ABSTRACT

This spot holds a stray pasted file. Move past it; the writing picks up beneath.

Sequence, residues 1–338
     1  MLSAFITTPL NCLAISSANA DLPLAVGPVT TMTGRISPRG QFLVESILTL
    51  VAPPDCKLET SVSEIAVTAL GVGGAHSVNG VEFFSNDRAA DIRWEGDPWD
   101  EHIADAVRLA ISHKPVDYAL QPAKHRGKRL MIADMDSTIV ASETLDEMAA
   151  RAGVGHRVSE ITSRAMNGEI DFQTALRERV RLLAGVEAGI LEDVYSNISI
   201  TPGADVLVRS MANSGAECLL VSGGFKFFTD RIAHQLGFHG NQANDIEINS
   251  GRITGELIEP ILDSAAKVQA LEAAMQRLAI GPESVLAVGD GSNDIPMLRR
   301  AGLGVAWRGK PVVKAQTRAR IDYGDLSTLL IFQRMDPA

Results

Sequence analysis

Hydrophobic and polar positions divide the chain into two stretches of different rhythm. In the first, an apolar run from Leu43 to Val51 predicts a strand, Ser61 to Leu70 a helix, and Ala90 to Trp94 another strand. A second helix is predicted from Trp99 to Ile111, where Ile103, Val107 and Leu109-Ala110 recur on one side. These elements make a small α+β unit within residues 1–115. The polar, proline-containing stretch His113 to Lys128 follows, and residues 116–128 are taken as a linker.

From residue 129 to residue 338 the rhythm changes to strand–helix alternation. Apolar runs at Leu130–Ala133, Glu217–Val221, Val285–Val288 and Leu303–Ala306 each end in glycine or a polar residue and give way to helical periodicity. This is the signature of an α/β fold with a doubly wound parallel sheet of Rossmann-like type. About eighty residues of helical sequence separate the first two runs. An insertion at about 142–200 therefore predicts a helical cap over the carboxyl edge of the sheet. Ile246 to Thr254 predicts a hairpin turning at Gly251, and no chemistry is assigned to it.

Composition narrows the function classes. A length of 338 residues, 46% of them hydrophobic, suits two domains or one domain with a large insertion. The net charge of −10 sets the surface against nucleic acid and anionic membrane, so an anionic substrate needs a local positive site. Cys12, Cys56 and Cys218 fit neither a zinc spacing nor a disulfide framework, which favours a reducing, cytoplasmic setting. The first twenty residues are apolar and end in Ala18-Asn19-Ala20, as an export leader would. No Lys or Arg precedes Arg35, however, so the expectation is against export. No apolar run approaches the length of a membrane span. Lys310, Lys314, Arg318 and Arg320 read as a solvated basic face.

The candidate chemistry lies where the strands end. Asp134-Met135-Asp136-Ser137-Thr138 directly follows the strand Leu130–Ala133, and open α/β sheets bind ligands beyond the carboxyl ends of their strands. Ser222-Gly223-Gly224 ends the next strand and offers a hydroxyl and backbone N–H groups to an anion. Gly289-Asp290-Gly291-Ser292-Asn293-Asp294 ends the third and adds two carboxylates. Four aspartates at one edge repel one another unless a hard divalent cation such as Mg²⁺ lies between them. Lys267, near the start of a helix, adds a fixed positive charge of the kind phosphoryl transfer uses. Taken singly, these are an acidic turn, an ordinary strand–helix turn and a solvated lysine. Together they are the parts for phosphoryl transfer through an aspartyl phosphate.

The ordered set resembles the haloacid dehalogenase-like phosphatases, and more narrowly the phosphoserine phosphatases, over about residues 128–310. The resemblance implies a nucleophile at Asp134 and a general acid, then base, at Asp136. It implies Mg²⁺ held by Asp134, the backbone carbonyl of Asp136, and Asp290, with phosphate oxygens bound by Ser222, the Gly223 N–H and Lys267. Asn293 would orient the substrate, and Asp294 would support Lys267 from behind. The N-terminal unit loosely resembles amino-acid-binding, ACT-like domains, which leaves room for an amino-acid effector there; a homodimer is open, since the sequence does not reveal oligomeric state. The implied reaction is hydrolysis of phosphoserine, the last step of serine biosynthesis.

This chapter focuses on surveillance and the intrusion of privacy. It presents how the diffuse organisation of security raises challenges to democracy, followed by an overview of how assembling suspicion through surveillance enacts various limits of democracy. The chapter explores how assembling suspicion poses quite radical challenges to democracy by undermining key processes through which one often tries to recapture democratic politics in relation to surveillance. It introduces how surveillance limits the capacity for reflectively engaging the assembling of suspicion and its implications for conceptions of resistance. The chapter looks at Kirstie Ball's work to introduce in more detail a set of categories that retain the focus on the extraction of information on individuals, and raises further insights in how the assembling of suspicion enacts limits of democracy. The diffuse nature of surveillance, policing and risk governance challenges central mechanisms of democratic control and distribution of power.